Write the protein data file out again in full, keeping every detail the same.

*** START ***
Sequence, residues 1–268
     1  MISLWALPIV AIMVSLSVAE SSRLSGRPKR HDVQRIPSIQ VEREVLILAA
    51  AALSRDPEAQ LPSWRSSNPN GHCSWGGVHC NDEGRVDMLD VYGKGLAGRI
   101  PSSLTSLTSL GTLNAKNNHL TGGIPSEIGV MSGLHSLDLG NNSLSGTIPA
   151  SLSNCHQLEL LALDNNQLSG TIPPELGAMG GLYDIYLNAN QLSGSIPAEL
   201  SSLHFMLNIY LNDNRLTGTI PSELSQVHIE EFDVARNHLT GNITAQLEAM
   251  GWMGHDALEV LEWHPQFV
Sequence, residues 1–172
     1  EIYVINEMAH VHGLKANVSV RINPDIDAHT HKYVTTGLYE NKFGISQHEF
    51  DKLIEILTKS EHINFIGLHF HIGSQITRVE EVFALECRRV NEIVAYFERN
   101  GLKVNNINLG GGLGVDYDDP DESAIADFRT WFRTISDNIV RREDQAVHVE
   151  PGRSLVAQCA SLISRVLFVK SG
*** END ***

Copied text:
Sequence, residues 1–268
     1  MISLWALPIV AIMVSLSVAE SSRLSGRPKR HDVQRIPSIQ VEREVLILAA
    51  AALSRDPEAQ LPSWRSSNPN GHCSWGGVHC NDEGRVDMLD VYGKGLAGRI
   101  PSSLTSLTSL GTLNAKNNHL TGGIPSEIGV MSGLHSLDLG NNSLSGTIPA
   151  SLSNCHQLEL LALDNNQLSG TIPPELGAMG GLYDIYLNAN QLSGSIPAEL
   201  SSLHFMLNIY LNDNRLTGTI PSELSQVHIE EFDVARNHLT GNITAQLEAM
   251  GWMGHDALEV LEWHPQFV
Sequence, residues 1–172
     1  EIYVINEMAH VHGLKANVSV RINPDIDAHT HKYVTTGLYE NKFGISQHEF
    51  DKLIEILTKS EHINFIGLHF HIGSQITRVE EVFALECRRV NEIVAYFERN
   101  GLKVNNINLG GGLGVDYDDP DESAIADFRT WFRTISDNIV RREDQAVHVE
   151  PGRSLVAQCA SLISRVLFVK SG